Supreme Court: Americans Can Sue Foreign Gov'ts Over War Looting

The Supreme Court (search) ruled Monday that Americans can sue foreign governments over looted art, stolen property and war crimes dating to the 1930s, a victory for an elderly California woman trying to get back $150 million worth of paintings stolen by the Nazis more than 65 years ago.

Justices said that the governments are not necessarily protected from lawsuits in U.S. courts over old claims. But those claims could still face stumbling blocks.

Maria Altmann (search), who fled Austria, had attended the Supreme Court argument. The 88-year-old said the court was one of her last hopes for the return of six Gustav Klimt (search) paintings, including two colorful, impressionistic portraits of her aunt.

Nazis had looted the possessions of Altmann's wealthy Jewish family, including the prized paintings that now hang in the Austrian Gallery (search). She and her husband escaped to America after she had been detained and her husband imprisoned in a labor camp.

She filed a lawsuit against the Austrian government in federal court in California, and won rulings that allowed her to pursue the case.

Justices agreed 6-3, a ruling that emboldens victims of wartime atrocities to pursue lawsuits. Women who claim they were used as sex slaves during World War II have sued Japan, and Holocaust survivors and heirs have brought a case against the French national railroad for transporting more than 70,000 Jews and others to Nazi concentration camps.

Those cases are pending at the Supreme Court and will likely be sent back to lower courts in light of Monday's decision.

Justice John Paul Stevens, writing for the majority, said that the State Department can still ask courts to dismiss such lawsuits.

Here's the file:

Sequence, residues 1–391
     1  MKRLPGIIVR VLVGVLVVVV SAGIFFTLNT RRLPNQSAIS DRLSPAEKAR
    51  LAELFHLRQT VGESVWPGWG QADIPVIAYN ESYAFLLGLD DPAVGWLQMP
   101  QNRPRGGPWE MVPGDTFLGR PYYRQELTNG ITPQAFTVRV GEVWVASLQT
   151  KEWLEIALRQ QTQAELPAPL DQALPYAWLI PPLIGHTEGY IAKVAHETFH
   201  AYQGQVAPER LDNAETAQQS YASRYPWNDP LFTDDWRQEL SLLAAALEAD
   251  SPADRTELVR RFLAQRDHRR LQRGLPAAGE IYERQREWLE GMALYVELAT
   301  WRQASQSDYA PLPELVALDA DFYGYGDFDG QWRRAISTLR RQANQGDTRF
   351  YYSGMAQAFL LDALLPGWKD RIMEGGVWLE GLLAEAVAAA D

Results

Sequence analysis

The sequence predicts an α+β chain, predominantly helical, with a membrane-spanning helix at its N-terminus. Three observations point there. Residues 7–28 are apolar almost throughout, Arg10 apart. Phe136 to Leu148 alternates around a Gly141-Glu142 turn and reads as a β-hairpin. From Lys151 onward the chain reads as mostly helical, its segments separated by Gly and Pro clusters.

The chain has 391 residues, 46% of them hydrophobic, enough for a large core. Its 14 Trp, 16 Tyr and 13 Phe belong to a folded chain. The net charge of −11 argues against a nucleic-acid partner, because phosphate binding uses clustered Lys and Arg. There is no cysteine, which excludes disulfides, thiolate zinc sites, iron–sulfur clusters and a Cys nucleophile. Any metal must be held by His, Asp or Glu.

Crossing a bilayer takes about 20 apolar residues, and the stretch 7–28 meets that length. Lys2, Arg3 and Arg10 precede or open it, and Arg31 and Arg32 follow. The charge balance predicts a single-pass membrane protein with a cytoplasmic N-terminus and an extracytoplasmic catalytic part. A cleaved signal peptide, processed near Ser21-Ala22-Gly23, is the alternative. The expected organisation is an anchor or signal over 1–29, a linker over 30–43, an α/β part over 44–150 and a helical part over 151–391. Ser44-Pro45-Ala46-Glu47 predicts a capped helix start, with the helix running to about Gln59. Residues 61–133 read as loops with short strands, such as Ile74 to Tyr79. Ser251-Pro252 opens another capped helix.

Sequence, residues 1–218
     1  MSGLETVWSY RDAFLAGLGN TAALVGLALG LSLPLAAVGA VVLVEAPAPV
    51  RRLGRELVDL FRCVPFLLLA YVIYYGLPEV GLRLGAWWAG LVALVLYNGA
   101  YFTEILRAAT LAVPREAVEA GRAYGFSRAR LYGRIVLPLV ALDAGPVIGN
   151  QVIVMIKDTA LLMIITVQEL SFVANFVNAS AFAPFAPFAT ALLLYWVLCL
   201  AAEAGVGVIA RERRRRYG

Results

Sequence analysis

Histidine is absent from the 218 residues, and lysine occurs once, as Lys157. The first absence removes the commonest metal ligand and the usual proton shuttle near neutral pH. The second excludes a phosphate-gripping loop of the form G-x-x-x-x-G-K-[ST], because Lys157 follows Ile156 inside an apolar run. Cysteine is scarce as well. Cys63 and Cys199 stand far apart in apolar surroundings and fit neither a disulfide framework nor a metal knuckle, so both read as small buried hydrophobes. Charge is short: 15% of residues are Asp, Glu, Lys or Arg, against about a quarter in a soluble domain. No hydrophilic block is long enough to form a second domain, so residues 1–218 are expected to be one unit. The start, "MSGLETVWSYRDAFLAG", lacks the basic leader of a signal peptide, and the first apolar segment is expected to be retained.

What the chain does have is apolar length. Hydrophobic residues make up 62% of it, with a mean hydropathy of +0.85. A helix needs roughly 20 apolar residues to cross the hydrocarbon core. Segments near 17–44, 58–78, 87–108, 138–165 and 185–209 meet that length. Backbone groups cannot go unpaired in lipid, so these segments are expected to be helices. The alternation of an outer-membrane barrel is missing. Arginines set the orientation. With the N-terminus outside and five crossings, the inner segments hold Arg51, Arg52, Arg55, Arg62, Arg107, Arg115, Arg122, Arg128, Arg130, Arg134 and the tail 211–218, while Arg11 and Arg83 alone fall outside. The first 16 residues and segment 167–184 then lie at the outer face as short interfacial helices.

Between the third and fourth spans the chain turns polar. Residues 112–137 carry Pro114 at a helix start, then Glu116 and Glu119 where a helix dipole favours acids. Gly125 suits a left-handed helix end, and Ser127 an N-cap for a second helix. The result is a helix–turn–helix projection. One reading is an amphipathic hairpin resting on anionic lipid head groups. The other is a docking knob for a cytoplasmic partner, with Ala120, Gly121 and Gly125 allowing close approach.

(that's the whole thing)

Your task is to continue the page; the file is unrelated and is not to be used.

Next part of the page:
At issue in the case was a 1976 law that spelled out when other countries can be sued in the United States. The law was based on a 1952 State Department policy. The Supreme Court ruled that the law is retroactive, and can be used to bring old claims.

In a dissent, Justice Anthony M. Kennedy joined by Chief Justice William H. Rehnquist and Clarence Thomas said the decision "injects great prospective uncertainty into our relations with foreign sovereigns."

"The court opens foreign nations worldwide to vast and potential liability for expropriation claims in regards to conduct that occurred generations ago, including claims that have been the subject of international negotiation and agreement," Kennedy wrote.

It was not clear if the court's decision will lead to many successes in old cases.

A Bush administration lawyer had told justices that it would be unprecedented to have U.S. judges resolving lawsuits against foreign countries over expropriated property. The administration argued it would harm America's relations with those countries.

Stevens said the Supreme Court's decision was a narrow one — permitting some lawsuits without deciding the specific merits of the Altmann case.

Justice Stephen Breyer, in a concurring opinion, said that Americans will still likely have to pursue claims in foreign countries first, and they may face other obstacles in U.S. courts, including statutes of limitations. Breyer is one of two Jewish members on the court.

The case is Austria v. Altmann, 03-13.